Conservatives are typically hard on their leaders so it would not be too surprising if in time there is an attempt to replace McFadyen. Gerrard can hardly be faulted for the poor result of the Liberals. The political climate was simply against him and it is hard for a third party to break through. Next time if the public is fed up with both NDP and COnservatives they could come back big time but that is not too likely. If Doer tried for a fourth term it would probably result in a defeat unless his performance improves a great deal or the Conservatives are really bad! Let us hope that Doer goes for an early walk, maybe even before the snow comes!
On the Ledge
May 28, 2007
Doer’s walk in the snow
Filed under: Uncategorized — Mia Rabson @ 3:58 pm
Don’t worry. My title above has nothing to do with the weather. Which as an aside totally sucks right now.
I’ve just been thinking how odd it is that following the provincial election last week not one, not two, but all three leaders of Manitoba’s main political parties find themselves answering questions about their future.
For somewhat different reasons of course. Tory Leader Hugh McFadyen has to explain how the man brought in to save the party from the floundering it was doing with Stuart Murray, could fare worse than Murray did in seat count. I don’t think most Tories thought McFadyen could win this election, but I bet most of them thought he’d do better than 20 seats. So to come away with 19, two of which were won by the barest of margins, is an embarassment.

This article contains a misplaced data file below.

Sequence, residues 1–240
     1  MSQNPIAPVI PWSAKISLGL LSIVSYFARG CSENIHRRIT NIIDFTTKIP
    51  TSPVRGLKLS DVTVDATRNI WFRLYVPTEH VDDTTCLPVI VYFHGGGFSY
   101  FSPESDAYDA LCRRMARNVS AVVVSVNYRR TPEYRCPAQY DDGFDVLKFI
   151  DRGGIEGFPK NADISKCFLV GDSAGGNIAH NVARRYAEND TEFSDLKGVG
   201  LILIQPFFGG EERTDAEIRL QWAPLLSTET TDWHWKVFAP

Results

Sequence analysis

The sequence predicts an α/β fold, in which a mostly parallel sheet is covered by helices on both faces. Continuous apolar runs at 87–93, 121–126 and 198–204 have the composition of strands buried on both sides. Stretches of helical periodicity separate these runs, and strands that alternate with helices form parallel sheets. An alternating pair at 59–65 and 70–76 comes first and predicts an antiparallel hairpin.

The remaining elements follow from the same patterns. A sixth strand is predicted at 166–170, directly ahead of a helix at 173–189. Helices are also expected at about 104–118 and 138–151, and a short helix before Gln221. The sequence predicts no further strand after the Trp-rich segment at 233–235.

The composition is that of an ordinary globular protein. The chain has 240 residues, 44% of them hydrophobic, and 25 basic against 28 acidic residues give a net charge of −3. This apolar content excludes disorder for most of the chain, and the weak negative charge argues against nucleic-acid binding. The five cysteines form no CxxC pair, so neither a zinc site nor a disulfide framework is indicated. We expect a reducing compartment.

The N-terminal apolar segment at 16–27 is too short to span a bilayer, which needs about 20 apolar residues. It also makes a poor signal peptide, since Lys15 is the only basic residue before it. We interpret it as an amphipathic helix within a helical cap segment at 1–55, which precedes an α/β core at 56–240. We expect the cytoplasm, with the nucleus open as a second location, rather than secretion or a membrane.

But young Mr. McFadyen - who turns 40 this week - isn’t likely going anywhere unless he wants to. There is no obvious successor waiting in the wings, and the party has time to lick its wounds, learn its lessons well and begin preparing for next time. Someone may take the fall for the Tory campaign but except for an ousted MLA (Jack Reimer) and an almost-ousted MLA who we know isn’t exactly the biggest McFadyen backer in the bunch (David Faurschou) the dump Hugh movement isn’t gathering steam.
Liberal Leader Jon Gerrard also will likely be able to stay on as long as he is willing or able. Some thought he would throw in the towel last Tuesday. That’s just not Jon’s style. Besides one of the reasons Gerrard’s run the party this long without any challenge is because there aren’t exactly a lot of people clamouring to be the leader of a caucus of two people. Names like Reg Alcock will be tossed around in the months to come as possible Gerrard successors but until the NDP lose Gary Doer and take a sharp turn left of centre, the Liberals are going to struggle to get a foothold in Manitoba. So Gerrard has nothing to worry about.
Then we come to Gary Doer. Who just won the biggest majority government in Manitoba in 40 years, and tied for the biggest ever. Is it ironic that of the three leaders right now he might be the least likely to still be the leader come 2011?
I think what we’re going to see from Gary Doer is that somewhere around 2010, as the fever pitch about his future breaks the thermometer, he will take his walk in the snow, Chretien style. He’ll announce he’s going to step down as NDP leader several months down the road. And a leadership convention will be set. And then a new leader will be elected and Doer will sit out the rest of his political career as a backbencher so he can represent Concordia without being hypocritical and resigning to become one of those “quitters” he loves to criticize.
As for who will succeed him? The list of possibilities is long, the list of who has a chance in heck far less so. But I will say this - I do not think it’s a coincidence that there was only one NDP MLA whose lawn signs in this last election bore a photo of someone other than Doer. His name is Greg Selinger. And it certainly wouldn’t be the first time in Canadian politics that a finance minister took over as party leader after that leader took a walk in the snow.